Does studying the liberal arts present you with too much choice?

US universities are known for allowing students to study many different subjects, but can that much choice be a bad thing?

April 15 2019
Does studying the liberal arts present you with too much choice?

We could debate for hours about whether America truly is, as it is so often called, the land of the free. One thing I know for certain, though, is that the US model of education is considerably more liberating that the British one.

Unlike English universities, where students typically study only one or two subjects for three years, American universities allow individuals to more or less study as many subjects as they wish. Prospective students don’t apply to study history or physics, but liberal arts. In this system, students choose their classes from a large menu of offerings, with each class acting like a building block towards a degree.

I’ve studied at Yale University for 18 months now but haven’t yet picked a subject to specialise in. I don’t have to settle on my major (main subject) until the end of my second year. To graduate, I need to have taken 36 classes over four years, of which 12 will be in my major. Easy, right? Well, as you might be able to tell, not always.

Yale publishes an annual guide, colloquially referred to as the “Blue Book”, which lists all the classes that will be offered in the coming academic year. Roughly 2,000 courses are categorised into 80 potential majors, of which you have to pick only four or five to study in any given semester. After the Blue Book is released, every student spends hours poring over it, trying to devise the optimal schedule, ever hopeful of picking the best class at Yale, ever fearful of choosing the worst one.

After I open the Blue Book, I jump straight to my area of interest, the history classes. In this one subject alone, there is more choice than anyone could wish for. There are the more traditional classes, such as the History of France since 1871 and Research in Ottoman History, which satisfy specific interests.


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Then there are the broader history classes, for example Liberalism and also Spiritual but not Religious, which might allow a broader analysis across different elements of history, and even invite students to explore an area they had never considered before. “Inviting” is the best word for it, because the US liberal arts system actively encourages students to step outside of their comfort zone. Professors don’t just want their students to become experts in certain fields, but to learn of new and exciting things. The combination of intense subject specificity and broad historical analysis offers students an appreciation of historical trends that regimented English courses don’t afford.

That is, of course, if students take advantage, as I have done, of the breadth of intellectual opportunities. They are merely opportunities, not requirements, and in this fact lies the true beauty of the American educational philosophy: you can do whatever you want, even if the path you choose is intensely subject specific.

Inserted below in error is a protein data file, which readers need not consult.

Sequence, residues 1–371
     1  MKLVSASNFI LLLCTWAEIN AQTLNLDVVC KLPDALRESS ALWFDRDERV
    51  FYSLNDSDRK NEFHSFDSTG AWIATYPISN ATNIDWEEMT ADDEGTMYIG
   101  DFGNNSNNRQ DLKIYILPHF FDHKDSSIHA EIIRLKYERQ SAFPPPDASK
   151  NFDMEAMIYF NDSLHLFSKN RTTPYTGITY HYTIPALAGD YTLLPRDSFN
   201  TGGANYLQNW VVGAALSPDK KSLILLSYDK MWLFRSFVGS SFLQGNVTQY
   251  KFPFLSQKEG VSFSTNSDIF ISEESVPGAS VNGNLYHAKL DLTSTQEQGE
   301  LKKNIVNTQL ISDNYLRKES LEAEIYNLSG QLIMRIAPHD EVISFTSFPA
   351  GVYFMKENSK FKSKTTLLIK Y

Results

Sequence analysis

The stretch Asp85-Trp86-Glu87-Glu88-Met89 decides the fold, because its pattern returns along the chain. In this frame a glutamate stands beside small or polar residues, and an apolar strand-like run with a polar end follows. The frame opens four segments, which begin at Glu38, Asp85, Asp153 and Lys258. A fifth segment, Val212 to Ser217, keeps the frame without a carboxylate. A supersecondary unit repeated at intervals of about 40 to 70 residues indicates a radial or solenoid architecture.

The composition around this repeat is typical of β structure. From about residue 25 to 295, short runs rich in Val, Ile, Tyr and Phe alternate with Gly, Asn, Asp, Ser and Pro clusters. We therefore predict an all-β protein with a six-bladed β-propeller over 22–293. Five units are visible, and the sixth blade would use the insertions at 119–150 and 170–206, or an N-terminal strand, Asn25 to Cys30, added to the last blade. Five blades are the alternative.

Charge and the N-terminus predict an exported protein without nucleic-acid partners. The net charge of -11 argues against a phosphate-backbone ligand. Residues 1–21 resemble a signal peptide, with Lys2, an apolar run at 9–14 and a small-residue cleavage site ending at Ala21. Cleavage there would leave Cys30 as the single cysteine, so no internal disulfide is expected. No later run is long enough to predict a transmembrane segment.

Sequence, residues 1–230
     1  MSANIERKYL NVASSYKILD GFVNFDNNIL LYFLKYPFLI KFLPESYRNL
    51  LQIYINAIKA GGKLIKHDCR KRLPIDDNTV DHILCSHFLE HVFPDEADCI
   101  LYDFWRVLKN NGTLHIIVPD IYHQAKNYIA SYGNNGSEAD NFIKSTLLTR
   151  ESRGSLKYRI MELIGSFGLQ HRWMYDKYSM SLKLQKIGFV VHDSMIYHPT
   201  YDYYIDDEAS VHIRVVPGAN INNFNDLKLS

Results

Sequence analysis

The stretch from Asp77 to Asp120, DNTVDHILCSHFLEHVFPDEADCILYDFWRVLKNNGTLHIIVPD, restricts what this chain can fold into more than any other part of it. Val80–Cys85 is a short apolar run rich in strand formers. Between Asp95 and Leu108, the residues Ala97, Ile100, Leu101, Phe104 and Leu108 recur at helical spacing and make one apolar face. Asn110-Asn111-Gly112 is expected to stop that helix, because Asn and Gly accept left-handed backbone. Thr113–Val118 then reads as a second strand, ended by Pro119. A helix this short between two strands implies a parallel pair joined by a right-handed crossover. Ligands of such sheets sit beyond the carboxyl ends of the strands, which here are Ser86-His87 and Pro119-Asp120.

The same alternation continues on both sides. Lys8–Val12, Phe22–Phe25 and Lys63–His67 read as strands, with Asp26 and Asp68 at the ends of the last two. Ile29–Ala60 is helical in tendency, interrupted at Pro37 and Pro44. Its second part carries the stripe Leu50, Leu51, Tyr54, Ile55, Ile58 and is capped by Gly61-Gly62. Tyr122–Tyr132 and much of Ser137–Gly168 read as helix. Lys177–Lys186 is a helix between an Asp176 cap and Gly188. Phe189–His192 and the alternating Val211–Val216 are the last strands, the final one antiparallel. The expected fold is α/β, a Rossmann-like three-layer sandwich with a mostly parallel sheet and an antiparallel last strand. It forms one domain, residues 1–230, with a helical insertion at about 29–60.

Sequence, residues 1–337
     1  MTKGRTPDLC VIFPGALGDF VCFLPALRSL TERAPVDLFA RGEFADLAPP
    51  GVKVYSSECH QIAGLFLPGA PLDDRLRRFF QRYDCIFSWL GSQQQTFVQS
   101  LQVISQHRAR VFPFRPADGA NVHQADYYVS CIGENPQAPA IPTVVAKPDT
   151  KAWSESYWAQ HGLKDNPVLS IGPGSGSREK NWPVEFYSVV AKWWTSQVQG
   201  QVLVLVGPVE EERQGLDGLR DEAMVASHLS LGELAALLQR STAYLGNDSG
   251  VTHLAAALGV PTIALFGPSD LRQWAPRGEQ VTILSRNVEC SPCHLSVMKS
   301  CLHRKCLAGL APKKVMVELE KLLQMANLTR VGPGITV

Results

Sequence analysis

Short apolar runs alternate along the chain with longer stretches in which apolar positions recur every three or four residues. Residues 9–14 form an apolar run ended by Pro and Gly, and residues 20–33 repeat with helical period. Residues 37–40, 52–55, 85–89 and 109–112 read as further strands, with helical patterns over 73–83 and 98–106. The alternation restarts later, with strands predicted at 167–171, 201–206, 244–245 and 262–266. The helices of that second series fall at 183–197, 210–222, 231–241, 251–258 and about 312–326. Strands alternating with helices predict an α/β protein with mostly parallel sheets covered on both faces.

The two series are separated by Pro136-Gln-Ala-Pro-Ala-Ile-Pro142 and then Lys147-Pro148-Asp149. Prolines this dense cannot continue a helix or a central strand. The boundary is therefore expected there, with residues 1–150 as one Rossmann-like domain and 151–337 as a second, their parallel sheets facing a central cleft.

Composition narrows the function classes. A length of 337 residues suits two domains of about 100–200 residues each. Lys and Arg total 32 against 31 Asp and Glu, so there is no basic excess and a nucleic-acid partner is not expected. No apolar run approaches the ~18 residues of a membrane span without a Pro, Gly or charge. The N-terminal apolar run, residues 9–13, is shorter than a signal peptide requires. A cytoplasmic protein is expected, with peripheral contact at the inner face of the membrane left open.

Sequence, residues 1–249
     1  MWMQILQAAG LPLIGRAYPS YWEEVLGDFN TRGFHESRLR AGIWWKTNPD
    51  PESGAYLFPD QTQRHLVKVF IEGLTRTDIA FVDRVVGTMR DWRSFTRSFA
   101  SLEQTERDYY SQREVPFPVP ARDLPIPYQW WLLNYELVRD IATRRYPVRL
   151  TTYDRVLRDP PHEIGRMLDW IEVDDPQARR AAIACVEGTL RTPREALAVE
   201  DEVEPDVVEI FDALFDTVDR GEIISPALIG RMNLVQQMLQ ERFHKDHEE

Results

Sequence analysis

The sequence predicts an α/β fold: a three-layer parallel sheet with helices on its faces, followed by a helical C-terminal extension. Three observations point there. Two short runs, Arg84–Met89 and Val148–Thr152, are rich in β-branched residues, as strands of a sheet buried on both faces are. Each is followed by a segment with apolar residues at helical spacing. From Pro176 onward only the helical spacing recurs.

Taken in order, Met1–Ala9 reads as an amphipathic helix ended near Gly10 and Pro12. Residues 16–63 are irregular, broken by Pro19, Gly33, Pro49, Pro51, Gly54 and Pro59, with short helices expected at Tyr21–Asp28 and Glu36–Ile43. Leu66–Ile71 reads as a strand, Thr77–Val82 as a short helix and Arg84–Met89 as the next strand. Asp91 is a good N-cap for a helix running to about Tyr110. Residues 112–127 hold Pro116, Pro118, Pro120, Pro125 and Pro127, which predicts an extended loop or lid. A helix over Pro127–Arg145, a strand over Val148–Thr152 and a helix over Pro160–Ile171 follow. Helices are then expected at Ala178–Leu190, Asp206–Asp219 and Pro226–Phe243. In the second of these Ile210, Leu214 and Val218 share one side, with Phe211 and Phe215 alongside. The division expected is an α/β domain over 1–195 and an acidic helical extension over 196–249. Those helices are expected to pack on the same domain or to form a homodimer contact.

No one is bound to one subject – I don’t have to only take history classes. As long as I take at least 12 history classes throughout my time at Yale, I can use the other 24 to explore different areas. In my 18 months, I have taken classes on economics and politics and learned Italian.

Proponents of the more traditional English system might argue that liberal arts produces jacks of all trades who are masters of none. I had the same reservation when I started at Yale. But it couldn’t be further from the truth. Not only do I feel intellectually fulfilled outside my study of history, I’ve found that the other subjects I’ve studied have bolstered it.

In one history class, I learned about the Wall Street Crash; after taking a class in economics, I better understood its intricate causes. In another history class, I learned about Dante, and in an Italian class I read the Divine Comedy in its original language. All areas of study support each other in one way or another. It’s incumbent on individual students to figure out how, rather than professors alone, to enforce their own course structure and make their own connections.

That said, it’s not all smooth sailing. When the Blue Book is released online, it’s extremely nerve-racking. It’s hard to tell which classes are the best ones to take. Choosing only 0.2 per cent of the available classes leaves a lot of stones unturned, and at worst you could be stuck in a terrible class for months.

But if there’s one lesson I’ve learned from the “Blue-booking” process, it is that all the classes at Yale are engaging in some way, and you can make of them what you will. I’ve never stumbled across a bad class, and the fear of doing so seems largely unfounded. If it does happen, however, there’s always a new semester on the horizon and a new chance to explore the 2,000 classes all over again.

Read more: Best liberal arts colleges in the United States

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